May 16, 2012 at 12:39 pm | Report abuse |
    • dpd

      Purdue player with the ball. Ohio State player making the takle.

      May 16, 2012 at 12:39 pm | Report abuse |
    • t-bone

      ....and he broke the tackle.
      Which is why this clown didnt get drafted.
      NFL Teams routinely invite everyone and anyone to camp for an evaluation.
      This guy is nothing special.

      Show me the coverage of the guy who was drafted in the top 4 rounds and then decided to quit to save his health.

      Never happen.

      May 16, 2012 at 2:09 pm | Report abuse |
  2. dc3219

    Go Mitt Romney!!!!

    May 16, 2012 at 12:08 pm | Report abuse |
    • Rhope

      "Go Mitt Romey"????????? You are on the wrong board buddy

      May 16, 2012 at 2:51 pm | Report abuse |
  3. Darkstar7

    The opposing player in the photo is actually Keith Carlos of Purdue, not Colorado.

    May 16, 2012 at 12:10 pm | Report abuse |
  4. Logic

    Good choice for him, but he was unlikely to make it in the NFL anyway. Of course if he did, he would have likely been fodder on special teams, so again, good choice. It will be (bigger) news if a drafted player passed on the NFL for another career.

    May 16, 2012 at 12:10 pm | Report abuse |
  5. T

    Go for it, Andrew! One thing I've learned... don't take the advice of people who live in fear (the "you're gonna fail !" crowd). Especially that of strangers and stupid blogs. Do what's in your heart to do.

    May 16, 2012 at 12:16 pm | Report abuse |
    • t-bone

      ummmm... he wentto do what anyone in the country could do, become a lawyer.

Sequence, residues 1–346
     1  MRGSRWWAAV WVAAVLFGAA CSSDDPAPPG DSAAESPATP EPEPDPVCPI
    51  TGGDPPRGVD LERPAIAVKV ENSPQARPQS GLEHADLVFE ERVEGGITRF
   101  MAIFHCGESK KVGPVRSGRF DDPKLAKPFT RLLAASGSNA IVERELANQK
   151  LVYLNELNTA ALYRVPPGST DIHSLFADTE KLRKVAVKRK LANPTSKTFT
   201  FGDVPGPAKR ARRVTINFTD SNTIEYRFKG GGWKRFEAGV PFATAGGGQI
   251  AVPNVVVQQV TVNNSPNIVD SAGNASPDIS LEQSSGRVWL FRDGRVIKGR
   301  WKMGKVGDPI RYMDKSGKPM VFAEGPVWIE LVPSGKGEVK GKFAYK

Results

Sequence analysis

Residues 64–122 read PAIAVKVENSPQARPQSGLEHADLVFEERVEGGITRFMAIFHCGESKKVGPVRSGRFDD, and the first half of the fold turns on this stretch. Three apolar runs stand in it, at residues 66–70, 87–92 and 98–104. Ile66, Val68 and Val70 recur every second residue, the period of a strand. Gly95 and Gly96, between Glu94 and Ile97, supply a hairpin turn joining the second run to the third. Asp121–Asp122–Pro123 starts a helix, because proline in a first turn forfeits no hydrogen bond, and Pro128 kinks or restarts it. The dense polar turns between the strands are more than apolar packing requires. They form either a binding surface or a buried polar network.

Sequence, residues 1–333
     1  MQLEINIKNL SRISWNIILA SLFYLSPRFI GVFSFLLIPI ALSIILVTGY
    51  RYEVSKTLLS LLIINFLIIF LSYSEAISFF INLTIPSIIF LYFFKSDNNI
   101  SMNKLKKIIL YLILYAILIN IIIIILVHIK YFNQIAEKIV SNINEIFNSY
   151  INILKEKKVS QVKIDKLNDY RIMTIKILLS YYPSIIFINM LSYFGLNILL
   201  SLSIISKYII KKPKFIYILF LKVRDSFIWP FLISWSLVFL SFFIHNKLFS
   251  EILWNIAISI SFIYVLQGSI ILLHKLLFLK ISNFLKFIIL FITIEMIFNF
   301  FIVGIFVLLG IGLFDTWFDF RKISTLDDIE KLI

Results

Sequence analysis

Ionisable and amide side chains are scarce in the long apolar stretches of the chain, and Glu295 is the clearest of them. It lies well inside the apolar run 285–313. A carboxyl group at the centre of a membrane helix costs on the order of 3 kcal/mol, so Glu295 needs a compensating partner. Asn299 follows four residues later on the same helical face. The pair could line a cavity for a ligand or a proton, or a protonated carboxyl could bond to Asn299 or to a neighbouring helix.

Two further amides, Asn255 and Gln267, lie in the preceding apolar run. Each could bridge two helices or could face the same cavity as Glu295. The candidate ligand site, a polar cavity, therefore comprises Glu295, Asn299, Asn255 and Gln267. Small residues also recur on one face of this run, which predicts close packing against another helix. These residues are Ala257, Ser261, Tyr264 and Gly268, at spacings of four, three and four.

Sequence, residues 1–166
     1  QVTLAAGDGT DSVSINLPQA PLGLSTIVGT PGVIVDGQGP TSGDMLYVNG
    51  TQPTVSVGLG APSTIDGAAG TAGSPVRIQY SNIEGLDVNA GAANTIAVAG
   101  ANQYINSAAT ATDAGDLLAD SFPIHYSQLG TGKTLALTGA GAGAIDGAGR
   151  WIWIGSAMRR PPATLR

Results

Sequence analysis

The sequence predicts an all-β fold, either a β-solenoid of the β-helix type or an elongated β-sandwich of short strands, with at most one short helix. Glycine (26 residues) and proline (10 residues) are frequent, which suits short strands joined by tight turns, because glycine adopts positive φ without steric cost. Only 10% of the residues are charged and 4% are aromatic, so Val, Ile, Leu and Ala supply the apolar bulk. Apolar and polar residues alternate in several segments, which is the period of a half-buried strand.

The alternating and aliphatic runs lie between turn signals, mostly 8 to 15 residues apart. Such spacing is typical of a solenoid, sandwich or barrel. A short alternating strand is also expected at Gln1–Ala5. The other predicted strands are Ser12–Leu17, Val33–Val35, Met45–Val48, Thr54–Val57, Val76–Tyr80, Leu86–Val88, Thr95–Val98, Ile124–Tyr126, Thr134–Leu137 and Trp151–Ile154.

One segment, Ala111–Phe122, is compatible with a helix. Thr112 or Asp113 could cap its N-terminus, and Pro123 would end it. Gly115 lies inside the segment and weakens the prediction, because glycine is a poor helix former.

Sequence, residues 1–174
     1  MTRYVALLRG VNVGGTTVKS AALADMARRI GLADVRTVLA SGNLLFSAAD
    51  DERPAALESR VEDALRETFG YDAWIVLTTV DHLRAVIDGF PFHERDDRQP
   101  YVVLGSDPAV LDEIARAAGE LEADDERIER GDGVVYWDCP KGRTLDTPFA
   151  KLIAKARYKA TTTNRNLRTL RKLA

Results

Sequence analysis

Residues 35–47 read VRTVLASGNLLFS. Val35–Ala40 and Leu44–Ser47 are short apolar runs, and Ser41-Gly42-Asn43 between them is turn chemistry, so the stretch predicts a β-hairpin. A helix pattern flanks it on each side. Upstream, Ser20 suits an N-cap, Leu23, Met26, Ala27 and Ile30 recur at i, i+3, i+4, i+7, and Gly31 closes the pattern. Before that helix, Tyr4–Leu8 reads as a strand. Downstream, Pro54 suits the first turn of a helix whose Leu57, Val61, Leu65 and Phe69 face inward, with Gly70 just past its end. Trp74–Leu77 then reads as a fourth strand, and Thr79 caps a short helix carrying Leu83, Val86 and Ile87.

He gave up on the thing that actually takes talent.

      May 16, 2012 at 2:11 pm | Report abuse |
  6. Scott

    My hat is off to Andrew Sweat and his decision to walk away from the game he loves knowing that continuing to play could have long term effects on his life. Sweat was a true Buckeye. He played hard, did things the right way, and earned every Buckeye leaf he wore on his helmets. If he had played for the Browns, I would have had to root for them, and that would have been way too painful.

    Good luck, Buckeye.

    May 16, 2012 at 12:18 pm | Report abuse |
  7. Farty McCloud

    The only reason this isn't a tremendously stupid decision is that his father has a law firm.

    May 16, 2012 at 12:21 pm | Report abuse |
    • Andrew

      And that it is incredibly easy to get ANY job ANYWHERE near Columbus if you played for the Buckeyes. My roommates were Buckeye players, only one of which made it to the NFL – the rest had absolutely no problem finding more job offers than other well-studied students in difficult majors. Throw OSU football on his resume and he is golden anywhere near the state of Ohio (except Michigan of course)

      May 16, 2012 at 1:01 pm | Report abuse |